Hazing News

Clemson and Sigma Phi Epsilon settled lawsuit with family of Tucker Hipps

Read the whole story here

And an excerpt from the Greenville online

Moderator:  My position is that the Tucker Hipps case should be on the public record. I vehemently object to efforts by defendant Sam Carney to seal critical documents.

The settlement was reached after extensive mediation in the case, according to court documents filed electronically Wednesday with the Pickens County Courthouse.

The amount of the settlement was not disclosed in legal documents and still has to be approved by a judge, according to court records.

Hipps, a 19-year-old Clemson University sophomore and fraternity pledge, was found dead near the S.C. 93 bridge hours after going on a run with about 30 members of the fraternity on Sept. 22, 2014.

His parents, Cindy and Gary Hipps, filed a wrongful death lawsuit and a survival action seeking $25 million from the defendants in March 2015. The two cases were consolidated earlier this year.

Tucker Hipps, a Wren High School graduate from Piedmont, was president of his fraternity’s pledge class before he died. Because of that, requests from fraternity brothers were routed through him.

According to lawsuits filed by his parents, the run Hipps went on the day he died was organized by fraternity leaders Sam Carney, Thomas Carter King and Campbell Starr, the three students named in the lawsuit.

Hipps was asked before the run to bring 30 McDonald’s biscuits and 2 gallons of chocolate milk to the fraternity members, according to the lawsuit. The failure to bring breakfast led to a confrontation between Hipps and King that happened on or near the bridge, according to the lawsuit.

The lawsuits allege that Hipps was forced to walk a narrow railing on the bridge over Lake Hartwell by members of the fraternity.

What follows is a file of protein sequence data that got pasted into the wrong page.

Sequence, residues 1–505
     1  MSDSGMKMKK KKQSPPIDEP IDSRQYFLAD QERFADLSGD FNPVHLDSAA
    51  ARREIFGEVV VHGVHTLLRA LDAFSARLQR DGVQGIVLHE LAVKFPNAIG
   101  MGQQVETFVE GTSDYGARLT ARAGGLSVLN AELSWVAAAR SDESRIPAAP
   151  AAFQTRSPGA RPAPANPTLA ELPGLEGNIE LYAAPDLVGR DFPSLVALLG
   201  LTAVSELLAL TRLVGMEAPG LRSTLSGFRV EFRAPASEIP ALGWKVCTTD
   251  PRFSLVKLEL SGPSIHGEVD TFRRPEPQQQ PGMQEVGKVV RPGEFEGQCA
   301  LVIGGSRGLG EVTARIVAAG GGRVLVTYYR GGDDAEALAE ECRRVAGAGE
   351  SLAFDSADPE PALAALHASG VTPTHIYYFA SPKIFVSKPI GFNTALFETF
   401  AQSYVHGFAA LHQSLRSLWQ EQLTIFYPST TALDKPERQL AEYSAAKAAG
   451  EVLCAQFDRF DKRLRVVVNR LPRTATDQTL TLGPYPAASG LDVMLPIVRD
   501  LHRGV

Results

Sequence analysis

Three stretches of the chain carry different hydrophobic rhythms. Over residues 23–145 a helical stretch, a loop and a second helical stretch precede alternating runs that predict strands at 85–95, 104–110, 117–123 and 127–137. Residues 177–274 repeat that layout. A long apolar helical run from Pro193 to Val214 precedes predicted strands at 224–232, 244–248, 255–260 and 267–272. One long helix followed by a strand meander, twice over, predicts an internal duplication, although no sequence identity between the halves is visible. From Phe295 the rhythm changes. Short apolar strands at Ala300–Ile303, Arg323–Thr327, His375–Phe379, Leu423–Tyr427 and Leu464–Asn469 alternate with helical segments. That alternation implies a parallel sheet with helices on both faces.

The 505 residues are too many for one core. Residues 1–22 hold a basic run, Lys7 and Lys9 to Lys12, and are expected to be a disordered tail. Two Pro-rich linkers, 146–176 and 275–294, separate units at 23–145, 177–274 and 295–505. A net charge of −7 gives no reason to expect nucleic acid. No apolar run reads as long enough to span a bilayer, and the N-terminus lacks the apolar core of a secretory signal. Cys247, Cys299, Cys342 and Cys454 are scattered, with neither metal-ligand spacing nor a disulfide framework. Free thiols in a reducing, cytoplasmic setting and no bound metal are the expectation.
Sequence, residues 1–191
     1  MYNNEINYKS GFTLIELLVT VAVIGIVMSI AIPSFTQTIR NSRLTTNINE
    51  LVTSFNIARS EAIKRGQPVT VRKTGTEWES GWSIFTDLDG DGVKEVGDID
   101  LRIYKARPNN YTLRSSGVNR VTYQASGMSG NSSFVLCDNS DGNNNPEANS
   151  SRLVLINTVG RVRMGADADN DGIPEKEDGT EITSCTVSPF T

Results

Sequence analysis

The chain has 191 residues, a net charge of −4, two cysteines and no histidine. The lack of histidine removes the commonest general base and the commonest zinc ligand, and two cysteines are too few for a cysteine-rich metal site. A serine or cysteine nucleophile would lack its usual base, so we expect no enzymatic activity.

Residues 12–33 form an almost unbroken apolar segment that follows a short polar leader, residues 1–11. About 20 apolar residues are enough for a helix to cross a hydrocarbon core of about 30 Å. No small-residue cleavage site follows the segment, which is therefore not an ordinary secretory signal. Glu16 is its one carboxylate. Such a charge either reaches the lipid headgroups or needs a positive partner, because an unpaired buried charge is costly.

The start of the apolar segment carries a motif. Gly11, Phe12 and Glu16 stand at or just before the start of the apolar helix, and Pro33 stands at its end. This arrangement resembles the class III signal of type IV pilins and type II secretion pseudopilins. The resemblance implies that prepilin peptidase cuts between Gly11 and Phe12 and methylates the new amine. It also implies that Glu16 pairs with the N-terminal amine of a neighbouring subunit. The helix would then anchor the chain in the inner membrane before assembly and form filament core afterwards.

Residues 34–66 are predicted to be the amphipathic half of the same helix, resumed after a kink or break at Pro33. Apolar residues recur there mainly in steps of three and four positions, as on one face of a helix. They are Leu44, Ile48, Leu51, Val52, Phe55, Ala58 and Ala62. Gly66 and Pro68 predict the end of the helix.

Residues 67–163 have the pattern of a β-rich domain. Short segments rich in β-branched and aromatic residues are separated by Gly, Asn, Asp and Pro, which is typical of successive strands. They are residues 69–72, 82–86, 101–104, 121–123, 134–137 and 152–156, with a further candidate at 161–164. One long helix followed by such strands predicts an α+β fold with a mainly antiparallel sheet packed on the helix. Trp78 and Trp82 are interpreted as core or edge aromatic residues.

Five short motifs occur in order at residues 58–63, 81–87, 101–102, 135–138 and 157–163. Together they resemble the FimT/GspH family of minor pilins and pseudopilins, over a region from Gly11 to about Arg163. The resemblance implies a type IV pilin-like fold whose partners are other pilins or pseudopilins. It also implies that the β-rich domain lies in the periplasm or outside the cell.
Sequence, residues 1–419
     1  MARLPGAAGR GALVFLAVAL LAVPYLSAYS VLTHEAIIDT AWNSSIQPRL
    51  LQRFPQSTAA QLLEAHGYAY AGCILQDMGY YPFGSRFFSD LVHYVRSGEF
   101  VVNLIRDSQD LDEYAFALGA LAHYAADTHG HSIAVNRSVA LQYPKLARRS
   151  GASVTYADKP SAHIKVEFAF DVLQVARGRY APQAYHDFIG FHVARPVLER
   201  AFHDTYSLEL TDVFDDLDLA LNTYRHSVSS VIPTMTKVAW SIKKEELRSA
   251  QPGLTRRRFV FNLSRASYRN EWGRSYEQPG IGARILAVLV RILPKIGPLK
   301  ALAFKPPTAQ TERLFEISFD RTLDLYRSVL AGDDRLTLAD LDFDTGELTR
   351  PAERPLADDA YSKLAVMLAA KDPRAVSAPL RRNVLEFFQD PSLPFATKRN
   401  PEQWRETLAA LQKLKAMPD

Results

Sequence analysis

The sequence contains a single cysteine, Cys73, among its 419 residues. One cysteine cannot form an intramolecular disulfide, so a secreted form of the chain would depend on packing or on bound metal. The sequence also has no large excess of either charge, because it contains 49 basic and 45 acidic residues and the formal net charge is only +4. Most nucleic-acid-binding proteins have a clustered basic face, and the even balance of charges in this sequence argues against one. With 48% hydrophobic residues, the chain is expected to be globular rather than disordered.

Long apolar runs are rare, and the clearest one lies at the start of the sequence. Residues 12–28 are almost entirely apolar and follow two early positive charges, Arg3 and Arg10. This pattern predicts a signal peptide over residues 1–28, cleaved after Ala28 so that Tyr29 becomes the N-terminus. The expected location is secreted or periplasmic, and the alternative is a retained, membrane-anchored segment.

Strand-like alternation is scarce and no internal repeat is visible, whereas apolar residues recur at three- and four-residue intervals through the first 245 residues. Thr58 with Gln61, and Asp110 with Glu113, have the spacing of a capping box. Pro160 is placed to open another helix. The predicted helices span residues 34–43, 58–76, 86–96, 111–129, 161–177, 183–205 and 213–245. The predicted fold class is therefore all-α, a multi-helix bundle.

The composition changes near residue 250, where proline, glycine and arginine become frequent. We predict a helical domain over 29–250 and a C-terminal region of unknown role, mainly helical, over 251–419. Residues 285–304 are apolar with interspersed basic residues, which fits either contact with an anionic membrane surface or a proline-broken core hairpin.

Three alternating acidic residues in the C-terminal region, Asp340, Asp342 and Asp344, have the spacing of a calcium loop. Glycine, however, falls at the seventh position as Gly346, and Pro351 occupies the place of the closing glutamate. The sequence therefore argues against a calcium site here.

He died of head injuries that Oconee County Coroner Karl Addis said were consistent with having hit his head on rip rap rocks in shallow water below.

The Oconee County Sheriff’s Office has investigated the case and has received assistance from the South Carolina Law Enforcement Division. No criminal charges have been filed in the case.

In a court filing related to the civil cases, an attorney for Carney has filed a motion to seal certain documents in the case. Those documents Carney seeks to have sealed include excerpts from the deposition of a forensic pathologist.

Carney is the son of the Delaware governor…

By Hank Nuwer

Journalist Hank Nuwer is the Alaska author of Hazing: Destroying Young Lives; Broken Pledges: The Deadly Rite of Hazing, High School Hazing, Wrongs of Passage and The Hazing Reader. In April of 2024, the Alaska Press Club awarded him first place in the Best Columnist division and Best Humorist, second place.

He has written articles or columns on hazing for the Sunday Times of India, Toronto Globe & Mail, Harper's Magazine, Orlando Sentinel, The Chronicle of Higher Education and the New York Times Sunday Magazine. His current book is Hazing: Destroying Young Lives from Indiana University Press. He is married to Malgorzata Wroblewska Nuwer of Warsaw, Poland and Fairbanks, Alaska. Nuwer is a former columnist for the Greenville (Ohio)Early Bird and former managing editor of the Fairbanks Daily News-Miner in Alaska.
Nuwer was named the Ohio Society of Professional Journalists columnist of the year in 2021 for his “After Darke” column in the Early Bird. He also won third place for the column in 2022 from the Indiana chapter of the Society of Professional Journalists. He and his wife Gosia, recently of Union City, Ind., have owned 20 acres in Alaska for many years. “The move is a sort-of coming home for us,” said Nuwer. As a journalist, he’s written about the Alaskan Iditarod sled-dog race and other Alaska topics. Read his musings in his blog at Real Alaska Daily-- and in his weekly column "Far from Randolph" in the Winchester Star-Gazette of Randolph County, Indiana.

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